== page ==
The oligarch is believed to have discussed Putin’s health with a Western venture capitalist.
The Western businessman recorded the conversation without his permission, New Lines Magazine reported. The oligarch’s name has not been revealed in order to protect him.
The report comes after there was further speculation over the Russian leader’s health after his attendance at the Victory Day parade in Moscow earlier in May.
Putin was seen coughing at the celebration and keeping his legs warm by covering them with a heavy blanket, despite other senior Kremlin officials next to him not feeling the need for one.
While his sanity has been questioned over the decision to invade Ukraine, his physical health has also been a subject of intense debate over recent weeks.
Putin was filmed during a meeting with defence minister Sergei Shoigu where the pair discussed Mariupol on 21 April.
He seemed to look “bloated” and was spotted gripping the corner of his desk.
What did the oligarch reportedly say about Vladimir Putin?
The oligarch, who is said to be one of Forbes’ 200 richest Russians but lives outside the country, said that Putin was “crazy” with his Ukraine war.
He said the invasion had destroyed the economy.
During the recording, which is believed to have taken place in March, he said: “He absolutely ruined Russia ’s economy, Ukraine ’s economy and many other economies - ruined them absolutely.
“The problem is with his head. One crazy guy can turn the world upside down.”
The venture capitalist passed on the recording of the 11-minute conversation due to his outrage over the Ukraine war.
What was said about Putin’s health after Victory Day appearance?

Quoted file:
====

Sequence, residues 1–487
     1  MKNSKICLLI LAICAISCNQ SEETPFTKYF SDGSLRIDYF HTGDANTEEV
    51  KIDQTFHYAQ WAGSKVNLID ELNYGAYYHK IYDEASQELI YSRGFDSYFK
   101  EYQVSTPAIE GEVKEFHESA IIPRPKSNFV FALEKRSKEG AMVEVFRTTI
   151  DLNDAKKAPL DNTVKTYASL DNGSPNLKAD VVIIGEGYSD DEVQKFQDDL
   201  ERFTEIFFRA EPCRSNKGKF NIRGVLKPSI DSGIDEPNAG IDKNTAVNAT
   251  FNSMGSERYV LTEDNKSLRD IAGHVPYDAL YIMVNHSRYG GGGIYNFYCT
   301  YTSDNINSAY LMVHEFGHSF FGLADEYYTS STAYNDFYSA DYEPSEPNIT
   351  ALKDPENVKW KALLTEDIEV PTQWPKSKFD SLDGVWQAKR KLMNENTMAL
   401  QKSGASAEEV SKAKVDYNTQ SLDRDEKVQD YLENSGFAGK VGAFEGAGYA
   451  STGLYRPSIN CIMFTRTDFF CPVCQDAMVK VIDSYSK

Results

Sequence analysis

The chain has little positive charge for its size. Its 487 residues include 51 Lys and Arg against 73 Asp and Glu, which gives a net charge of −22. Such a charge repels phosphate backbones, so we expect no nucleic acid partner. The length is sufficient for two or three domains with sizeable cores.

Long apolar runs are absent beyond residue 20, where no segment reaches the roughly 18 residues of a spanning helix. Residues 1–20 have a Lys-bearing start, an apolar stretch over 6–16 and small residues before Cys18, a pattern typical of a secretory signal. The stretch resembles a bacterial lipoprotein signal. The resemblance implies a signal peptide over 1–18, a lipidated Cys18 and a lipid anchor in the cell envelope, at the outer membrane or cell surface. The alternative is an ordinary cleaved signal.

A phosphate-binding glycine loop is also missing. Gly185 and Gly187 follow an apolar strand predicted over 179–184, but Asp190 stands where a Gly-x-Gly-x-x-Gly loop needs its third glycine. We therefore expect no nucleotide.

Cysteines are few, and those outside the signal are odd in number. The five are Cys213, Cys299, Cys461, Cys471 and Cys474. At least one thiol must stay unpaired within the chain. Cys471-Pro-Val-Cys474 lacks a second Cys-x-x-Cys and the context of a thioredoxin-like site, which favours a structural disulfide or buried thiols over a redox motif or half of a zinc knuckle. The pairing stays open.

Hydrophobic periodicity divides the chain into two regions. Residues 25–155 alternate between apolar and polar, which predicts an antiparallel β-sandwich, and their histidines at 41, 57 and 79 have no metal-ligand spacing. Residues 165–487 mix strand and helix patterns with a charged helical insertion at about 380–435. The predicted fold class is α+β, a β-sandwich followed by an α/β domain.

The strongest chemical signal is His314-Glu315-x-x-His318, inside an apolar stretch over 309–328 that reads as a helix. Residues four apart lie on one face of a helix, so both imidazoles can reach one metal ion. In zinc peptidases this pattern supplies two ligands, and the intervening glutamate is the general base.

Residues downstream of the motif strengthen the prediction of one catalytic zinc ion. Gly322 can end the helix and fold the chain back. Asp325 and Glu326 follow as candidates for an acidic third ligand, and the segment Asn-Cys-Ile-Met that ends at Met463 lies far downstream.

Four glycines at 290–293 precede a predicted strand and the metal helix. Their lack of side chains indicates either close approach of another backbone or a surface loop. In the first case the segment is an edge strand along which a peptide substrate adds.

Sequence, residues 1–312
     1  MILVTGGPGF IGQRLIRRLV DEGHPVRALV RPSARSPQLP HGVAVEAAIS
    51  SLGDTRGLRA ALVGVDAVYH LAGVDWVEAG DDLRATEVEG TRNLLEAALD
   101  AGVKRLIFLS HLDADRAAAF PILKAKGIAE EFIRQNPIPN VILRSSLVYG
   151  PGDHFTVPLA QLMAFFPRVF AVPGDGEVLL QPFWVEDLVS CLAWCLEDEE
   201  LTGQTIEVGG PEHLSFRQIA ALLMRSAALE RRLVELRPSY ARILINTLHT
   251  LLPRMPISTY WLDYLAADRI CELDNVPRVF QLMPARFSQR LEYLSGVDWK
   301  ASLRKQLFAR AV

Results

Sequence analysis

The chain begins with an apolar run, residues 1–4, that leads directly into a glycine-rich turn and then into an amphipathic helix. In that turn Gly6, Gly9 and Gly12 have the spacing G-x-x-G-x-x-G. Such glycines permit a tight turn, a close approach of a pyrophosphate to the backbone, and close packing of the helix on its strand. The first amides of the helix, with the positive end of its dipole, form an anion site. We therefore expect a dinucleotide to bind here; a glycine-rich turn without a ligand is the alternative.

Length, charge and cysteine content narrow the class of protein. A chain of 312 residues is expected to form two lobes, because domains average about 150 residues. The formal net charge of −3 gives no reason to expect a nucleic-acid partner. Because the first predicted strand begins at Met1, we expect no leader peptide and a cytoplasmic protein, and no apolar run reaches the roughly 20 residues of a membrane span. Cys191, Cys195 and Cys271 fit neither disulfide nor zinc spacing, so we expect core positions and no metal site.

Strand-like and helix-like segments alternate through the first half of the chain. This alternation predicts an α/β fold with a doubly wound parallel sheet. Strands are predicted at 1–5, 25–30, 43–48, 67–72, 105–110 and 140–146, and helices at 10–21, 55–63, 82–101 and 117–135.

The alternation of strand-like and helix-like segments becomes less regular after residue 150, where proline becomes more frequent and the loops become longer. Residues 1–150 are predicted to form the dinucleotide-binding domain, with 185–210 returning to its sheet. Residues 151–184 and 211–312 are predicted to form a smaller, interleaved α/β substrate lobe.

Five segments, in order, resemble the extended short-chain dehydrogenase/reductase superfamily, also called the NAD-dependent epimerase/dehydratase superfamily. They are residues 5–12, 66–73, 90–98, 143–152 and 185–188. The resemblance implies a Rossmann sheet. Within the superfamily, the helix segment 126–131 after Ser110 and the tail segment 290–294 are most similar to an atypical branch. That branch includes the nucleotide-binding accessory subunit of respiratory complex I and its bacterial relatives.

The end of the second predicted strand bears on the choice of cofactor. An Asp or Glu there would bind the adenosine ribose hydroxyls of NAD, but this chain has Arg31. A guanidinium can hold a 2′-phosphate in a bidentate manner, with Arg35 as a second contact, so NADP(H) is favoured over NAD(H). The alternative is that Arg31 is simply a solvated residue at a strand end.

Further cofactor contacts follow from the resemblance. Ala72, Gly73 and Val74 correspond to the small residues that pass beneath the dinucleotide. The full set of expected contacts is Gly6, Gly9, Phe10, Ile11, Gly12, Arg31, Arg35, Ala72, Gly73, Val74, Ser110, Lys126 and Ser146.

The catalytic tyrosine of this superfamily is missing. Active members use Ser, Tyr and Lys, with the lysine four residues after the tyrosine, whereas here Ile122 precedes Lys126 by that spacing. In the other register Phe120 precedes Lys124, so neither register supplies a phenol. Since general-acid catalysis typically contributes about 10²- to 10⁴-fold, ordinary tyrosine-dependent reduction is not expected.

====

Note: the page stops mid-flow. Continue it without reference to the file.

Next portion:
The former BBC journalist John Sweeney was one of many to point out the blanket.
He wrote on Twitter: “Vladimir Putin - a blanket on his knees, his cheeks full, a hamster stuffed with steroids - cuts a weak and enfeebled figure as Russian Army rolls past the Kremlin. No declaration of big war; no call-up; no General Gerasimov. Listen: you can hear the knives being sharpened.”
One user on Twitter commented on the blanket by tweeting: “President Vladimir Putin throws aside his Russian Wool blanket to stride manfully to the unknown.”
While another joked that “Putin stole a blanket from a veteran” after noticing few others had one.
Putin’s demeanor during the meeting where he was seen holding on to the corner of the table has attracted attention.
He was slouched in a chair and appeared to be lacking in energy.
The Russian president also looked pale.
During the meeting the pair spoke about the besieged Ukrainian city of Mariupol. One of the last holdouts for Ukrainian forces in the city is a steel factory. Putin told his defence minster it would be “inadvisable” to storm it and ordered him to cancel it. He went on to “congratulate” him over the military operation in the city.
He said : “You successfully completed the combat effort to liberate Mariupol. Let me congratulate you on this occasion, and please convey my congratulations to the troops.”
The Metro reports that Anders Aslund, a Swedish economist and former adviser to Russia and Ukraine, said neither Mr Putin or Mr Shoigu, who read out his address from a bit of paper, looked well during their meeting, describing both as appearing “depressed and seemingly in bad health”.
“Shoigu has to read his comments to Putin and slurs badly, suggesting that the rumours of his heart attack are likely. He sits badly. Poor performance.”
There have been a spate of rumours over Putin’s health with previous pictures of him sitting at a bizarrely long table when holding meetings with senior world leaders and military commanders.
What else has previously been said about Putin’s health?
Previously, retired Royal Navy Admiral Chris Parry said he believed President Putin could be battling cancer, and suggested it could be this alleged medical condition that prompted the decision to press ahead with war.
His comments came on 4 March during a debate in Portsmouth, and were reported by our sister title The News.
Speaking to youngsters in an hour-long seminar at the Portsmouth Grammar School, the top naval officer explained where he thought the war between Putin and Ukraine could go.
He said that he believed president Putin could be battling cancer, which has caused him to invade Ukraine.
“He has been using these very long tables to interview people,” Falklands veteran Rear Admiral Parry said.